As we get closer to the observance of Arbor Day in the United States, which always occurs on the last Friday in April, a new study lead-authored by Jeannine Cavender-Bares and Stephen Polasky of the University of Minnesota, St. Paul provides a timely examination of just how much of an economic benefit that these majestic plants provide in ecosystem services.
The five ecosystem services that the researchers studied were climate regulation via carbon storage, filtration of particulate matter from the air which can harm human health, along with the provisions of wood, food crops, and Christmas trees. At the top of the list as far as the most economic value that trees provide, this new study found that the greatest percentage, 51%, came from carbon storage. The added benefit to human health from the air filtration that trees provide came in second place at 37%. Just 12% of trees' economic benefits came from the more tangible wood, food, and Christmas tree services. Altogether, these five ecosystem services that trees provide add up to an estimated $114 billion per year just for the lower 48 United States, alone.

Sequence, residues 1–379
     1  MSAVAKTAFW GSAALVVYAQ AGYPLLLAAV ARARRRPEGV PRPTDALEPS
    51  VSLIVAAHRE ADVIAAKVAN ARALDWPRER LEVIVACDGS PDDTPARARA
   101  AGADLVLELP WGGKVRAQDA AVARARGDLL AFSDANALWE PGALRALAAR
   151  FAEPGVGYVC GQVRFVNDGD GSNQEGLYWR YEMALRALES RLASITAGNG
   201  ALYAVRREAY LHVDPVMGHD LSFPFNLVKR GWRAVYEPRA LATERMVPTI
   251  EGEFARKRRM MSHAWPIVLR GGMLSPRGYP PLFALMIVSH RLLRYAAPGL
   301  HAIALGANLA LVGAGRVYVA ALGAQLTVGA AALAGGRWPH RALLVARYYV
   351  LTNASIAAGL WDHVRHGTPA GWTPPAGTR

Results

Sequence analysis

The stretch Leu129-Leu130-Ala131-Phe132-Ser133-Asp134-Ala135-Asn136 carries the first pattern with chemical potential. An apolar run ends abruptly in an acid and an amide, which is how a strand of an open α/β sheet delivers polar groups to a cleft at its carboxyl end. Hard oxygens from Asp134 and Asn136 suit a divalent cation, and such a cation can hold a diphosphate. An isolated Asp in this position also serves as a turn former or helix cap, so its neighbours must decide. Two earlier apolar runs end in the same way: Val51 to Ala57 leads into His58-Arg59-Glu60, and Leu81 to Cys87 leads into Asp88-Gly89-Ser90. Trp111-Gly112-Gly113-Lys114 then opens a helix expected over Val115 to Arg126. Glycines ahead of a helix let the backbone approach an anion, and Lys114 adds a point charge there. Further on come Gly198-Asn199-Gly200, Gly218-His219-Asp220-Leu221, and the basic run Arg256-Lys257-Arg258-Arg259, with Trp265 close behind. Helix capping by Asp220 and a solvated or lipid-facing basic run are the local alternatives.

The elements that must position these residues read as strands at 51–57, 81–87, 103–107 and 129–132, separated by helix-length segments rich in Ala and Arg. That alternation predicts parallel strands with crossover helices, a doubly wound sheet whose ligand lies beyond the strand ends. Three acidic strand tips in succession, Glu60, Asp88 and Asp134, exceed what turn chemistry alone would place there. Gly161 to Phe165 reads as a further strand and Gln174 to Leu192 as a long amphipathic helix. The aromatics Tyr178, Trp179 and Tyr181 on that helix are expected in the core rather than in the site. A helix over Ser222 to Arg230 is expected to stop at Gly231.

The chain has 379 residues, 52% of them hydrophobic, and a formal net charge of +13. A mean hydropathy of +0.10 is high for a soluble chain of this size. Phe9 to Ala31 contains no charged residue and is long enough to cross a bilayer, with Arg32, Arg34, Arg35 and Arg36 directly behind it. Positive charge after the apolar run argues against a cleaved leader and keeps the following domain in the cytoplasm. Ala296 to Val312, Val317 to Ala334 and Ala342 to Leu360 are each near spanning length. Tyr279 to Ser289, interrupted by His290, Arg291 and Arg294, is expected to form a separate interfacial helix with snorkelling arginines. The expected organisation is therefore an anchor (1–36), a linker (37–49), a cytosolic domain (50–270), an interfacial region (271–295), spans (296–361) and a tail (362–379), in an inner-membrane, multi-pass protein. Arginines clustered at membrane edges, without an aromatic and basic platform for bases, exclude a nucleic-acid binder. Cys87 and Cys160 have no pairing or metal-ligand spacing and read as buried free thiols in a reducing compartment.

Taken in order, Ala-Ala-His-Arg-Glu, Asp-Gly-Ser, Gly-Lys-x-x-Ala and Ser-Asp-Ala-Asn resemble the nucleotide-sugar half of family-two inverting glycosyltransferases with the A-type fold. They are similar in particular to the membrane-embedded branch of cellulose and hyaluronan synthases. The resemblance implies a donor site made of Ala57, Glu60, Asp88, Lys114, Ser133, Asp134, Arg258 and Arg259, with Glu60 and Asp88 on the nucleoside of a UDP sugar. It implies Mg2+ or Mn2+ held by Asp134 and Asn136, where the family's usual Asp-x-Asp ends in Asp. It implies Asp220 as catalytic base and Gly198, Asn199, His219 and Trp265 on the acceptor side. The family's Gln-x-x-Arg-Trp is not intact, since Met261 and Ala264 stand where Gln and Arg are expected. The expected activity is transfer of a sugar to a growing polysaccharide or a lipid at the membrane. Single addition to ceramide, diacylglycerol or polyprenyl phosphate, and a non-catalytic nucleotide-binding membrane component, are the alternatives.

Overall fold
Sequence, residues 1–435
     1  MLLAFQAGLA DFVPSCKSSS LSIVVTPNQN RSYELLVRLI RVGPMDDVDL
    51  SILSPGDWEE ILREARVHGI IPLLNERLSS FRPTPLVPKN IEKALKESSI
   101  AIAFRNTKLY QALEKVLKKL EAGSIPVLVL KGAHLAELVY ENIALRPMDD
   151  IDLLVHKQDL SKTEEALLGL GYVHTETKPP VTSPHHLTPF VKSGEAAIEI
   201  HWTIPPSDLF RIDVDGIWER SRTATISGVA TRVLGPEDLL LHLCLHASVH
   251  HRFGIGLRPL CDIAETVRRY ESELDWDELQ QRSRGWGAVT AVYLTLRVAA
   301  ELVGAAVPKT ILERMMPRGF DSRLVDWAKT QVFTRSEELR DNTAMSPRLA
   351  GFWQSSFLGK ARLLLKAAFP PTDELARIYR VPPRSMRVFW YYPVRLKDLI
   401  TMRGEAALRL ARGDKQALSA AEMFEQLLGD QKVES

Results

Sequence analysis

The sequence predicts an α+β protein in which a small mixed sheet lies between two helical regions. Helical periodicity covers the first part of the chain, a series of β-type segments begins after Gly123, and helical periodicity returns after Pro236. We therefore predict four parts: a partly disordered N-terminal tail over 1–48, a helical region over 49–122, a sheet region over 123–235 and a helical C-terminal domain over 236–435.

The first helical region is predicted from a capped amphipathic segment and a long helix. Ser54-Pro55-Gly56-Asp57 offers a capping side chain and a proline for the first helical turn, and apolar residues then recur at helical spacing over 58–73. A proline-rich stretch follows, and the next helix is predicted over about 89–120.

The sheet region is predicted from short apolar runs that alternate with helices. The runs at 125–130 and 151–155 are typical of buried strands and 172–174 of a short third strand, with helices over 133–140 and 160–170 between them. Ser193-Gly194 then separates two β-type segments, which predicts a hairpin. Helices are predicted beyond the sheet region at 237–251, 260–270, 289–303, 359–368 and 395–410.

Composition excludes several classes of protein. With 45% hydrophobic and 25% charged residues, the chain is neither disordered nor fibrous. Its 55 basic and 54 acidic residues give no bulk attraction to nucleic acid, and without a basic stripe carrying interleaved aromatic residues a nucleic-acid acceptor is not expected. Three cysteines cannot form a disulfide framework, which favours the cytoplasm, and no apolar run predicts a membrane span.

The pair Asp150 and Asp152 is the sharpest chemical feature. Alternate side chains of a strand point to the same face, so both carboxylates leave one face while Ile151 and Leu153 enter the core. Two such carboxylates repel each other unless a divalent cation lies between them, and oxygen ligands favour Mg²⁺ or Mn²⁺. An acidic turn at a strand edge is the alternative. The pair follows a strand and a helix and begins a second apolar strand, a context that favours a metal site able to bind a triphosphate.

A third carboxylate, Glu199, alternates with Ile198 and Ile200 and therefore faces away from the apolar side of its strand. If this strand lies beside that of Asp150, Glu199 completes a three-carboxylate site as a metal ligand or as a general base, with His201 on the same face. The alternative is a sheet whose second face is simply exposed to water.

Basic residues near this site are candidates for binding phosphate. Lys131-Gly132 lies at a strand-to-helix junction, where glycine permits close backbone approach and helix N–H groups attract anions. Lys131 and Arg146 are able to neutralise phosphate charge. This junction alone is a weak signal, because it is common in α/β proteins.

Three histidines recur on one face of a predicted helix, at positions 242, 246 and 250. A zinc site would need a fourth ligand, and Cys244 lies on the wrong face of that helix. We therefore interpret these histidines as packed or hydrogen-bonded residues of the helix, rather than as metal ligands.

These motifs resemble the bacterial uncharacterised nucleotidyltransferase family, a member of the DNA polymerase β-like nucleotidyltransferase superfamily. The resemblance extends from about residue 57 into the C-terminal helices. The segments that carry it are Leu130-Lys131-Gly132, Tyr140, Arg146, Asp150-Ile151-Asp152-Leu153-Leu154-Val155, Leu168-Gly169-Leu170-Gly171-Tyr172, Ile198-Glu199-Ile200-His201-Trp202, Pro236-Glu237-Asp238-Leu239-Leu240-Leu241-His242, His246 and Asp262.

However, trees in the U.S. and across the world are under threat. The research team found that a full 90% of tree species are susceptible to the effects of climate change, while 40% of all the tree mass in the U.S. is under threat from pathogens and pests.
This Arbor Day, if you have the opportunity to get out and plant a tree, remember it's not just to beautify the neighborhood or even to provide a home for wildlife, but trees also provide significant economic benefits, too.